After quite a bit of testing with this cartridge the best option for me was the 225 AB. It performs well within the limits of this cartridge and will significantly outperform the 300 win mag or 30-06 on big game within it's optimum range. The slow velocities with the heavy bullets does not make it a top choice at extreme long range. In my opinion it is best suited shooting the 225 AB at 2950 fps. My longest shot with it was a moose at 1100 yards. My opinion is this cartridge is best suited inside of 800 yards and within that range the slow heavy bullets do not justify there use when compared to the 225 AB. You will find that opinions vary but that has been my experience. The 250 AB would also be a good choice but then you get into the recoil issue and I shoot mine without a brake. Best of luck with your choice.
     
  12. benchracer

    benchracer Well-Known Member

    Messages:
    1,348
    Joined:
    Dec 18, 2009
    Long Time Long Ranger:

    If you carefully read what I have posted, you will see that I have taken great pains to point out that I am, at this point in the learning process, long on opinions and short on real world data/experience. In short, I am forming a hypothesis-- the first step in the Scientific Method. The point of my query is to find a starting place for my experimentation.

    I have very carefully read and given thought to each response. Each response has been both valuable and appreciated. Those who have responded to my posts are helping me, and I am indeed letting them help me. In turn, I posted excerpts from each relevant post for purposes of clarity-- to make it clear what I had in mind when I wrote my response to their input.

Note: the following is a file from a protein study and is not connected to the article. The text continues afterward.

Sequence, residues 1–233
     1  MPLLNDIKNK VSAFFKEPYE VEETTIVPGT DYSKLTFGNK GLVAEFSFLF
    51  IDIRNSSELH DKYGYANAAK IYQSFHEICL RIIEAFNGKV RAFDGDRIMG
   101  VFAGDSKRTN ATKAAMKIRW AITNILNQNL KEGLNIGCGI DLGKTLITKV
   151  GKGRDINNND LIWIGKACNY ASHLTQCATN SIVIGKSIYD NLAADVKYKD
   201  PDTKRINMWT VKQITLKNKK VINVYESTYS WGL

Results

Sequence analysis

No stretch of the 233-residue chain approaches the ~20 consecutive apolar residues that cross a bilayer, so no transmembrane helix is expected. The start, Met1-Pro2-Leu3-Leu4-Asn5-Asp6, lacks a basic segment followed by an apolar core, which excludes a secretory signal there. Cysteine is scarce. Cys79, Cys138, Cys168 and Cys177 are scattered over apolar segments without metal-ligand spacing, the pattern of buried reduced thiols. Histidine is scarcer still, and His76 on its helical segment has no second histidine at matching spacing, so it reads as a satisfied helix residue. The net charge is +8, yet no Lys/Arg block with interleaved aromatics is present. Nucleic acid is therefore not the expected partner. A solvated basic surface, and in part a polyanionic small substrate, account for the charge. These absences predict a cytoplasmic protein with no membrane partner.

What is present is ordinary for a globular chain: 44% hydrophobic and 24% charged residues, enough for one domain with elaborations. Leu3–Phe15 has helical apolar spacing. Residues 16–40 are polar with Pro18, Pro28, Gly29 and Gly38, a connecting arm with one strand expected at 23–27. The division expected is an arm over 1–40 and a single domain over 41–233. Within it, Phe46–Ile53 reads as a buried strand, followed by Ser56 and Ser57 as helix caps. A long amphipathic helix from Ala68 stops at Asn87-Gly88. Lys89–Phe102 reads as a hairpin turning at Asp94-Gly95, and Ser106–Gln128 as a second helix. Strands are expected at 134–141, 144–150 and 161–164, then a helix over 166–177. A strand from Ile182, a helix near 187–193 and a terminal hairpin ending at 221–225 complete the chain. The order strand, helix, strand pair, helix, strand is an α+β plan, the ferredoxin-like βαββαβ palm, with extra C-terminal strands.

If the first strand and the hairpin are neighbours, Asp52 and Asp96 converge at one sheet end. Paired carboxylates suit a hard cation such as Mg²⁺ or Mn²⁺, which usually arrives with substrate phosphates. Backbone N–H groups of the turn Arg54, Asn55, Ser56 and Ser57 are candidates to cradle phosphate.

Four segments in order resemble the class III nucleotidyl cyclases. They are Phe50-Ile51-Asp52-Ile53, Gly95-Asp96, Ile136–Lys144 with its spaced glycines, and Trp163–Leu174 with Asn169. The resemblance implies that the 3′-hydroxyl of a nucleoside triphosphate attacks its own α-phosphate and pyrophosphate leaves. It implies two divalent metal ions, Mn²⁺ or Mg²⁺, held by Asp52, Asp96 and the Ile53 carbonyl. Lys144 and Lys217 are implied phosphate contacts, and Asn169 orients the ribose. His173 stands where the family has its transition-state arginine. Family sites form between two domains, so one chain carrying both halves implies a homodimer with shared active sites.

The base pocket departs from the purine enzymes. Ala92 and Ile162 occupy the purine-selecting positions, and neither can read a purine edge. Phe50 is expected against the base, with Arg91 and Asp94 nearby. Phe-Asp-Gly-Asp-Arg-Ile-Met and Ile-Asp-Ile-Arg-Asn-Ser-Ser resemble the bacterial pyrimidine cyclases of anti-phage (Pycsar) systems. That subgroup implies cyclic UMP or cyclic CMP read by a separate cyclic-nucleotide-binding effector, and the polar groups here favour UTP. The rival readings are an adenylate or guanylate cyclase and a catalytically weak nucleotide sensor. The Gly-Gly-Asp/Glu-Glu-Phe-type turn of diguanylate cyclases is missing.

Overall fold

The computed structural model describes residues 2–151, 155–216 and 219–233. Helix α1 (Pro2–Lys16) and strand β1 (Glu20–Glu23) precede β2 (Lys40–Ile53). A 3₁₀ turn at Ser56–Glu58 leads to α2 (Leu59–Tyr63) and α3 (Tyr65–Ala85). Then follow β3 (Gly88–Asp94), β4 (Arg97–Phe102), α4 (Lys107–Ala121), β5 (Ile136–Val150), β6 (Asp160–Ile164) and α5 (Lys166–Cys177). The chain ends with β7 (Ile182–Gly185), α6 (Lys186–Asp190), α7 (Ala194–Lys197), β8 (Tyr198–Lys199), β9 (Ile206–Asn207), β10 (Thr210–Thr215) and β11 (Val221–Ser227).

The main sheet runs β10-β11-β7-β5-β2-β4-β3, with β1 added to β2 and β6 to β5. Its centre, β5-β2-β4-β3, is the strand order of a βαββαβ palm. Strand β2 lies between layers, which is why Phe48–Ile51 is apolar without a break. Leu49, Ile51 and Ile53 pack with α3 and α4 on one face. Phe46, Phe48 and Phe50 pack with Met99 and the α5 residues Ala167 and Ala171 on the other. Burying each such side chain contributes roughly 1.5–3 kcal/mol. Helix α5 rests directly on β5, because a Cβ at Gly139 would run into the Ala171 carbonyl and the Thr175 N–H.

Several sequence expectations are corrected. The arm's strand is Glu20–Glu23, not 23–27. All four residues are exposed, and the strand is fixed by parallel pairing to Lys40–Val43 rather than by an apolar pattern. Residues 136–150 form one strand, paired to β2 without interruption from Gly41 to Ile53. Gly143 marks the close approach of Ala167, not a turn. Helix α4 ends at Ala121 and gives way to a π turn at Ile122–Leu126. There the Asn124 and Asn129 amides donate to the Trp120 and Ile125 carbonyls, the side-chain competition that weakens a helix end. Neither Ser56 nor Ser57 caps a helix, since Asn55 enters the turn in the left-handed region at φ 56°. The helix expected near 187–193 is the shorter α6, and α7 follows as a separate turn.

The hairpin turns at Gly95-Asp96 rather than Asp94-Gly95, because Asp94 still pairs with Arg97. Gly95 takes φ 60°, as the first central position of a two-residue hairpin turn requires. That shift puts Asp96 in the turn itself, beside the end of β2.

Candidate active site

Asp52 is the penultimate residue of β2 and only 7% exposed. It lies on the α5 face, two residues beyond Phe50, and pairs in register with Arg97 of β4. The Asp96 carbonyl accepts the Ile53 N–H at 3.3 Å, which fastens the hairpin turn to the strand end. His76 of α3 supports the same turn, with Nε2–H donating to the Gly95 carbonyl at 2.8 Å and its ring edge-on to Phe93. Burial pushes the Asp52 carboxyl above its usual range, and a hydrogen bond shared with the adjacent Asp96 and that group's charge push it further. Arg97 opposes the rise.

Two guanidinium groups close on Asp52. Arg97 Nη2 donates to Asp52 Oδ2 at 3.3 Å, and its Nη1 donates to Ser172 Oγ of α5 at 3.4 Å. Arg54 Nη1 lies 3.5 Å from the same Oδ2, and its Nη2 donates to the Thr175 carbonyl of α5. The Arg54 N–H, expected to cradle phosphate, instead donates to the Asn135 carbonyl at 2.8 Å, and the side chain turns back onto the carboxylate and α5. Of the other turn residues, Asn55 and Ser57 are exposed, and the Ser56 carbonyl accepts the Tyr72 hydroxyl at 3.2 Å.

AT NO TIME did I take ANYONE out of context. In fact, I challenge you to prove otherwise. Furthermore, your implication that I did not try to understand what was being posted is utterly baseless.

    Your experience as a shooter and hunter is valuable to me and I thank you for sharing it with me.

    However, you obviously have a questionable grasp of what it actually means to take someone out of context. I suggest you retire the tired old "you took me out of context" bit and dismount from your pompous high horse forthwith.

    Most Sincerely,

    benchracer
     
  13. Long Time Long Ranger

    Long Time Long Ranger Well-Known Member

    Messages:
    2,612
    Joined:
    Mar 12, 2002
    Benchracer, I was trying to help you. I have no interest in attacking you. I wish you the best with your choice. If I can help you let me know. I am sorry what I said offended you. I don't have that big a horse, heck I don't even have a shetland pony.
     
  14. AZShooter

    AZShooter Well-Known Member

    Messages:
    2,071
    Joined:
    Dec 12, 2005
    Benchracer:

    You mentioned you don't have a reloading program. Did you mean a ballistics program for calculating downrange performance? If you don't have one you can get a great one free:


    JBM

    Here are a few steps to help you

    Click on Calculations upper left
    next click on trajectories
    Enter data on your bullet.

    Be sure to modify the atmospheric pressure. Bryan Litz says in his book that it is critical. Here are a few:
    2500 27.32
    3000 26.82
    4000 25.84
    5000 24.90
    8000 22.23

    You may notice the G1 box. If you open it you can find the G7 option. Bryan says that G7 is a better one for boattail bullets.

    Here is the G7 BC for the 250 and 300 SMKs:
    250 smk .314
    300 smk .381

    Buy Bryan Litz's book "Applied Ballistics for Long Range Shooting. Lots of good information there.

    -----------------------

    Until recently the idea of owning another 338 win mag hasn't appealed to me, but it sure does now. Not sure if you realize it but Berger is coming out with two high BC VLDs for in .338!

    The BCs on these two is stunning. Predicted BC as follows:
    250 VLD G1 BC . 762 or G7 .390 ( this beats the 300 SMK's BC!)
    300 VLD G1 BC . 914 or G7 .468

    The 250 VLD fired from a .338 would be interesting even though it wouldn't be moving much more than 2600-2700 fps from a 26" barrel. Crunch the numbers in that JBM. amazing numbers even for a slow moving bullet.